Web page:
I should point out that I was also making contact with volunteers in Cleveland at roughly the same time. I actually began gathering research in November 2002, by subscribing to the local e-mail list. At this time, the Cleveland volunteers were waiting to hear if they had been officially admitted to the Indymedia network. A core group of volunteers had been organizing for about nine months. After becoming familiar with the names on the list and the topics of conversation, I contacted one member by e-mail and asked if I could attend their next meeting. I also told him that I was working on a thesis and would eventually like to conduct interviews with all of the members. He enthusiastically agreed. After attending a meeting in January, I began to have regular e-mail conversations with the core members. I attended another meeting in early March and finished e-mail interviews with seven core members by the middle of the month.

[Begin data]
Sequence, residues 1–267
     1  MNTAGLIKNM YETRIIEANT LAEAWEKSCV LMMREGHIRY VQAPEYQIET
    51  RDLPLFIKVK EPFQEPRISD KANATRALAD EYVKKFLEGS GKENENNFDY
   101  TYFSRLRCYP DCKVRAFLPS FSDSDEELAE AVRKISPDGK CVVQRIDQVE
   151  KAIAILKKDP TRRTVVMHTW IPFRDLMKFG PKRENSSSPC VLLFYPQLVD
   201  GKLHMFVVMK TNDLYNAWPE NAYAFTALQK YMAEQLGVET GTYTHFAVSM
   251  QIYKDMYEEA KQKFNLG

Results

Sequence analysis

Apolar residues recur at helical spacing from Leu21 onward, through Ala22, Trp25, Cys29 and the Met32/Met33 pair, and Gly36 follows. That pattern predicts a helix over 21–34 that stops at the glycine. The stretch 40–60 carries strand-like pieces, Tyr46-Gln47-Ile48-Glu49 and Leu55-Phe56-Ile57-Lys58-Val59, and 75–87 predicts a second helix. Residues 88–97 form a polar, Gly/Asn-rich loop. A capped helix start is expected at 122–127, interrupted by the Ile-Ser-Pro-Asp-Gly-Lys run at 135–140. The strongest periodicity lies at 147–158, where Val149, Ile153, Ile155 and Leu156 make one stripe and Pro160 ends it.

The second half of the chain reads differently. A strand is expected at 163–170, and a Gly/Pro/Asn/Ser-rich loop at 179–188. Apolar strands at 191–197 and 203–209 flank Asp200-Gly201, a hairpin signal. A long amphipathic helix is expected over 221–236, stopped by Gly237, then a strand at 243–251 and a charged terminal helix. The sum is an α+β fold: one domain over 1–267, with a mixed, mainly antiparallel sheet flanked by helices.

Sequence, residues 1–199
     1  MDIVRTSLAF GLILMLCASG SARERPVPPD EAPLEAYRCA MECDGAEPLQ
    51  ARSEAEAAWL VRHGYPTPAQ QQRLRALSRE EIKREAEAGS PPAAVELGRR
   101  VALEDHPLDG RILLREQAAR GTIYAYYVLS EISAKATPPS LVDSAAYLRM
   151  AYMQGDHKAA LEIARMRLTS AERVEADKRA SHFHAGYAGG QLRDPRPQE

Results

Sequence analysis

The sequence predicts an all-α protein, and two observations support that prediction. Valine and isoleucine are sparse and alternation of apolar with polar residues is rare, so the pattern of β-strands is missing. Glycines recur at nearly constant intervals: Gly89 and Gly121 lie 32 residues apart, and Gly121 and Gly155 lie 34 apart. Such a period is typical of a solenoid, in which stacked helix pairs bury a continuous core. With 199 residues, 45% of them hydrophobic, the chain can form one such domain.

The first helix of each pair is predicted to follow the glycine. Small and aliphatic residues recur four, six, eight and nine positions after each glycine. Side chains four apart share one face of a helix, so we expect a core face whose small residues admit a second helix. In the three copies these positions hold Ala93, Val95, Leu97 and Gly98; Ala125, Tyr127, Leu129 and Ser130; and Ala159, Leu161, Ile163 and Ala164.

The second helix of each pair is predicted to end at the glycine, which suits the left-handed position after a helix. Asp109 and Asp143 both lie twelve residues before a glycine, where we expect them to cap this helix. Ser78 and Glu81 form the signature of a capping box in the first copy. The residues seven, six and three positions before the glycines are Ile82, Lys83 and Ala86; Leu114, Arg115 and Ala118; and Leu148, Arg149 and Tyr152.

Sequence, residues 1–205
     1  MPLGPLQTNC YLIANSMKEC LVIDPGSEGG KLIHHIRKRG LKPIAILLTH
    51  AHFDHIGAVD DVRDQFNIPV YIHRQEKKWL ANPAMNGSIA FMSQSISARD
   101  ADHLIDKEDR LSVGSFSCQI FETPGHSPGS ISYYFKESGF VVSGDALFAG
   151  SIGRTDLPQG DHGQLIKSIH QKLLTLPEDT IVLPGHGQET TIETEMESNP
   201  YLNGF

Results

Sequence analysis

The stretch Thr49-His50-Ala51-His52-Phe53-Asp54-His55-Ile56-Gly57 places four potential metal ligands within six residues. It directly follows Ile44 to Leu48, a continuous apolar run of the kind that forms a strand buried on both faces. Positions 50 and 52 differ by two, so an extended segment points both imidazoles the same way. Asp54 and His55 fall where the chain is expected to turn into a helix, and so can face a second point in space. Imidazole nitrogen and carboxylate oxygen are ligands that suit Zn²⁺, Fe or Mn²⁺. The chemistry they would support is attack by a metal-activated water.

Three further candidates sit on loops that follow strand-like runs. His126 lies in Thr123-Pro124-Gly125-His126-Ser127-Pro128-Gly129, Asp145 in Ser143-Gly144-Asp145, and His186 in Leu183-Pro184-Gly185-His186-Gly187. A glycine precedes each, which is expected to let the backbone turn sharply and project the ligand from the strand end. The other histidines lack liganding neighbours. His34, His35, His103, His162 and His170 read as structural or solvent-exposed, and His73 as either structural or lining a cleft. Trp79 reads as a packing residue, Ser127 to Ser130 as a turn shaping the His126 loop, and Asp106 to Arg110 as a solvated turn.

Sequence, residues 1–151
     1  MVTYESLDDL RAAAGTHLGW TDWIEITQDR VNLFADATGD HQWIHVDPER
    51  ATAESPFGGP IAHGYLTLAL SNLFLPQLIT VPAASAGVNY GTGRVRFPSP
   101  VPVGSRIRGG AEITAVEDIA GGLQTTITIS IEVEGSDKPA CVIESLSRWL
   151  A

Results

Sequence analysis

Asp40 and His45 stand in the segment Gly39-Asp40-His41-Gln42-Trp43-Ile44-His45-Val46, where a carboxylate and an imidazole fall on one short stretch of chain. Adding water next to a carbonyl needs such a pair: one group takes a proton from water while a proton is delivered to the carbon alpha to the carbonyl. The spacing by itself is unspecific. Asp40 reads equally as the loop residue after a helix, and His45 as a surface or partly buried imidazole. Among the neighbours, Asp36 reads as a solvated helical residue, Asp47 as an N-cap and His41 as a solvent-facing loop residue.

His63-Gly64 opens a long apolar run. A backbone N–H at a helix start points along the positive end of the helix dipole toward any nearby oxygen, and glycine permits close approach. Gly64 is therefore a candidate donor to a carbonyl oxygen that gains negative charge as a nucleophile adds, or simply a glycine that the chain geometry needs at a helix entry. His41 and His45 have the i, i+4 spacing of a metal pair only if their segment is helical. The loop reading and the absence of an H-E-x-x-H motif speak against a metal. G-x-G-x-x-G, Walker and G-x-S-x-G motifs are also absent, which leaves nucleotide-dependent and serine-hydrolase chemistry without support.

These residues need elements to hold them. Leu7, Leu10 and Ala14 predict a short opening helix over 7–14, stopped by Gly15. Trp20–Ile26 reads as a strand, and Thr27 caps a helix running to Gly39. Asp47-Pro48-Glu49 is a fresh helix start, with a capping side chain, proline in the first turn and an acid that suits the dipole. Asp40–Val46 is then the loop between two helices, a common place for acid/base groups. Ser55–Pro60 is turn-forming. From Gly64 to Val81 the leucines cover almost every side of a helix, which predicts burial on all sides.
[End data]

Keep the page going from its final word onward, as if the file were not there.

Finally, I read through the collective’s planning documents and surveyed content from both its Web site and its weekly radio show. Having gone in and out of the network before being reconstituted nearly from scratch, the Cleveland IMC presented some unique research challenges and opportunities. I had to examine its brief initial phase, about which there is little documentation. Luckily, two members of the new collective were familiar with events during that time. Moving beyond this early period, I looked at the ten-month reorganizing effort in which numerous volunteers came and went. This was much easier to study, though, as the new collective posted the minutes of its meetings on an auxiliary Web site alongside copies of its policy statements and some e-mail communication with global organizers. Documentation from this period enabled me to trace, from the applicant’s perspective, the various steps through the new-IMC approval process.
1.2.2 Literature Review